Attending law school and pursuing a Jurist doctorate has many challenges, but also many rewards. One high point that stands out in my mind occurred in the spring of 1998 when I received a letter in the mail from the University of San Diego.
I had been fortunate in the summer of 1997 to be accepted into a comparative law program in Oxford, England. In addition to living on the campus of Oxford and studying under state Supreme Court justices, the experience had broadened my perspective of American jurisprudence.
The letter from the school that had sponsored the Oxford program now extended an even greater opportunity to study under U.S. Supreme Court Justice Antonin Scalia at Trinity College in Dublin, Ireland. I was ecstatic, and then I considered the reality of taking another summer off to study abroad while employed full time as co-pastor of First Pentecostal Church.
I sought the advice of my father and staff. Everyone was very supportive of the opportunity and encouraged me to attend the program. I accepted and arrived in Dublin on a beautiful summer day not knowing what to expect. I soon found my small dormitory room and unpacked my belongings. The room faced an alley and was more akin to something you would find in an American prison.
The cramped space would soon become my sanctuary. A place of intense study and preparation. I felt out of place the next day as I reported to class, surrounded by younger, brighter minds. We all looked around and sized up each other as we waited for the professor. Antonin Scalia entered without fanfare. Dressed in a suit and fully prepared, but yet very relaxed and conversational. A study in contrasts!
He started the class by asking a question, and the questions never stopped for the next several weeks as we met each day with this man who was short of stature but yet had a huge reputation as a brilliant jurist. Our class was comprised of many Ivy League law students from the Northeast that were anxious to take on Scalia and show him how flawed he was in his analysis of the law.
He was not what many people were expecting. He was not bombastic or braggadocios as his famous dissents would suggest. He was humble in the discussion of his majority and minority opinions. He was thoughtful and respectful of each student as they presented counter-arguments.
He would win students over each day, not with intimidation but with logic, questions, and humor. All the while, not so concerned with converting us to his way of interpreting the Constitution but with an emphasis to remain consistent with our legal analysis.
It seemed like regardless of what side of the issue we were on in our classroom briefing of the cases, he would challenge the status quo. He would force us to take a look at it from a different angle. There were times when students, including myself, felt that we made a good point only to have him take it several layers deeper and force us to reconsider our premise. I had never been in an arena with someone this bright and this intellectually honest.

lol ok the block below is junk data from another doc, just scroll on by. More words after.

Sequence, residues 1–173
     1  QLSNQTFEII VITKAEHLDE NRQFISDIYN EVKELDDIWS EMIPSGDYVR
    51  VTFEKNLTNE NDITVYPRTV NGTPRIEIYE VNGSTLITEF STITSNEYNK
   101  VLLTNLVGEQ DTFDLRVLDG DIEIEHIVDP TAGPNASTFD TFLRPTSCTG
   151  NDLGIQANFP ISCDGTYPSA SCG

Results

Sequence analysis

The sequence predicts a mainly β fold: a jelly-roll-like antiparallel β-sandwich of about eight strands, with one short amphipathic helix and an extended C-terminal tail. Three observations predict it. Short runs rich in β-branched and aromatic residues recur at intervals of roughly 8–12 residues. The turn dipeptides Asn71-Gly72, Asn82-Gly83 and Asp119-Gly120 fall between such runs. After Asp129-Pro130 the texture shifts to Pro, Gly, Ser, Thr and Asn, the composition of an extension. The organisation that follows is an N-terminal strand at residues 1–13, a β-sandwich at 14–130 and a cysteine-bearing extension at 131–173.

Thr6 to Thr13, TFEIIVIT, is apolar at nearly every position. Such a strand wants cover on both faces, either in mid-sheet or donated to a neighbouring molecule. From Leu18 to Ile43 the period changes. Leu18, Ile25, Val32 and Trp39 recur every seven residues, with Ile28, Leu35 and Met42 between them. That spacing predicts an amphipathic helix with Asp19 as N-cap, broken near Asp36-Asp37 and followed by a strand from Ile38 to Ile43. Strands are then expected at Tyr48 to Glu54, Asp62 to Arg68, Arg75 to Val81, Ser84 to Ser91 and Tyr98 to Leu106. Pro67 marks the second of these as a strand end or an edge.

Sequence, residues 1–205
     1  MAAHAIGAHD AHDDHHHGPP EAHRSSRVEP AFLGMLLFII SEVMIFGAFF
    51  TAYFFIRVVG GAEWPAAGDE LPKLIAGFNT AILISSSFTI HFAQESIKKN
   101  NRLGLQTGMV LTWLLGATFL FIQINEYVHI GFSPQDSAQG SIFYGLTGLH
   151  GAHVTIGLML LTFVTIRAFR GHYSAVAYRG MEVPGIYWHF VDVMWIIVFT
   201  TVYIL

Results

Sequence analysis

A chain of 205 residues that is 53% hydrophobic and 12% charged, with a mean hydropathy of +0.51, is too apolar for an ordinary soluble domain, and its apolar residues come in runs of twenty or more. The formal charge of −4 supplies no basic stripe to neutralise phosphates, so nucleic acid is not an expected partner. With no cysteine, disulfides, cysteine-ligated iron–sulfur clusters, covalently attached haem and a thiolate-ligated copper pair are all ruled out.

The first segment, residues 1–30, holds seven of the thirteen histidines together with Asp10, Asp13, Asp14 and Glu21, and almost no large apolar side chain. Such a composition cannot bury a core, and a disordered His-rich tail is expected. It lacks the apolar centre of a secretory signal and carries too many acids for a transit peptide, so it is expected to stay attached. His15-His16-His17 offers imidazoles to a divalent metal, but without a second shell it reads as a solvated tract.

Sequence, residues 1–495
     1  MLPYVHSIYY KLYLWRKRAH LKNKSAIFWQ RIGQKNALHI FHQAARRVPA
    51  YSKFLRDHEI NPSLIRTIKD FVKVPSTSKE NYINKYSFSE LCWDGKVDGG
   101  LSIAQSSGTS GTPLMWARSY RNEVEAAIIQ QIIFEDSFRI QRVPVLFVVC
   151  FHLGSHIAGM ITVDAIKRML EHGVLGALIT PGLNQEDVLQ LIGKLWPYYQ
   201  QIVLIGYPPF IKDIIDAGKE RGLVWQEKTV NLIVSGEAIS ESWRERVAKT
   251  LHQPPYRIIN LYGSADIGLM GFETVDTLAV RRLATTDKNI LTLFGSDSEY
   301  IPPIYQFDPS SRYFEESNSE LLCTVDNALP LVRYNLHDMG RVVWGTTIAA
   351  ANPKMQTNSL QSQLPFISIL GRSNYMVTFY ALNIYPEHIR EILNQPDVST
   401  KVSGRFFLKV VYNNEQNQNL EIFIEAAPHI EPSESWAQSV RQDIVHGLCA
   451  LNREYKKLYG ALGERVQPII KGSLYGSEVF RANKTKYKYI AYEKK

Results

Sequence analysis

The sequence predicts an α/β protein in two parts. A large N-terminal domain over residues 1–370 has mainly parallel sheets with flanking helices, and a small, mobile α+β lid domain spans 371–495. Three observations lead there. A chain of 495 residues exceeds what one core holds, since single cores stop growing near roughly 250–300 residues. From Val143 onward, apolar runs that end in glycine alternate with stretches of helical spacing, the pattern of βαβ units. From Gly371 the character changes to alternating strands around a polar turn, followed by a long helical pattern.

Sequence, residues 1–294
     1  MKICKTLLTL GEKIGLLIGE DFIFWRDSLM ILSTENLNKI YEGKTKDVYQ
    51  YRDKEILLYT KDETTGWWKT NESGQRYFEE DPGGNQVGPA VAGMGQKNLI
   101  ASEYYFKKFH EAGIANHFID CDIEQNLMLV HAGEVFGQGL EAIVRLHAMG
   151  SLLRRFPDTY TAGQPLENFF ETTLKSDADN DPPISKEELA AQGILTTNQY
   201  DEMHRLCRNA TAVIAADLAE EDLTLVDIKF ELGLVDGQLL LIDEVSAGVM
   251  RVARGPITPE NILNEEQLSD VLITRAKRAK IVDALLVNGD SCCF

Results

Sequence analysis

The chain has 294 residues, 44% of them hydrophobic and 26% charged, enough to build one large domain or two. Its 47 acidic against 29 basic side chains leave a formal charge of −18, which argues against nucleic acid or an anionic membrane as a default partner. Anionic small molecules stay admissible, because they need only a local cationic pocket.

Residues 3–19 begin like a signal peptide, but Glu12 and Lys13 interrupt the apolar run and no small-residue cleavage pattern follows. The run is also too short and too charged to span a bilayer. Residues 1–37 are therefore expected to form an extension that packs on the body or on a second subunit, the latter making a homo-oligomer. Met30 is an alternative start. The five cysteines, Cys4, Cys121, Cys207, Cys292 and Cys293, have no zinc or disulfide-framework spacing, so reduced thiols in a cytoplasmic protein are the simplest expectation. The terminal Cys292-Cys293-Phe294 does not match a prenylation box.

The banter in class that he allowed and encouraged intrigued me and consumed my every waking moment in preparation. I had never considered myself a serious student, but this was different. I was determined to be ready each day and to be prepared for the legal jousting that would ensue.
The younger students took advantage of the 714 pubs in the Temple Bar area that surrounded the school campus in downtown Dublin each night while I retreated to my closet dorm room to study half the night and be ready the next day for class. Inevitably, Justice Scalia would start the class by saying, “Mr. Myers, you brief the case for us; it’s obvious you are the only one that reads it, or at least sober enough to remember it.”
Justice Scalia told us how the Supreme Court worked behind the scenes. How the Justices decide who is going to write the majority and the minority decisions. How they hire their law clerks and how the judicial branch is the least powerful of the three branches of government in America. He said, “We don’t control the guns or the butter (military or the money) we just have the power of the pen.”
I’m not sure if any of us students agreed with him about the limited strength of the judicial branch, but we could all certainly agree with the fact that there is great power in the pen of U.S. Supreme Court justices. He took it one step further, as he was prone to do, and taught us an impromptu lesson on the power of dissent. He said, “You must state your convictions with authority even when you are not in the majority.”
All of the moments and memories flooded back to my mind when I heard the news that he had passed. I wondered if he died of heartbreak because of how much he loved our country and worried about its future. My silent prayer for his life and family was interrupted with a smile that came to my face.
I remembered what he said as we were saying our goodbyes in Dublin. “Mr. Myers, Our families are from Sicily, and we both love to laugh, but your love for God supersedes your love for the law. Don’t lose that, it’s the only thing that matters in the end.”
Thank you, Justice Scalia for not only your knowledge of the law but also for your understanding of what is important in life and your courage to live out those convictions even when it was not popular.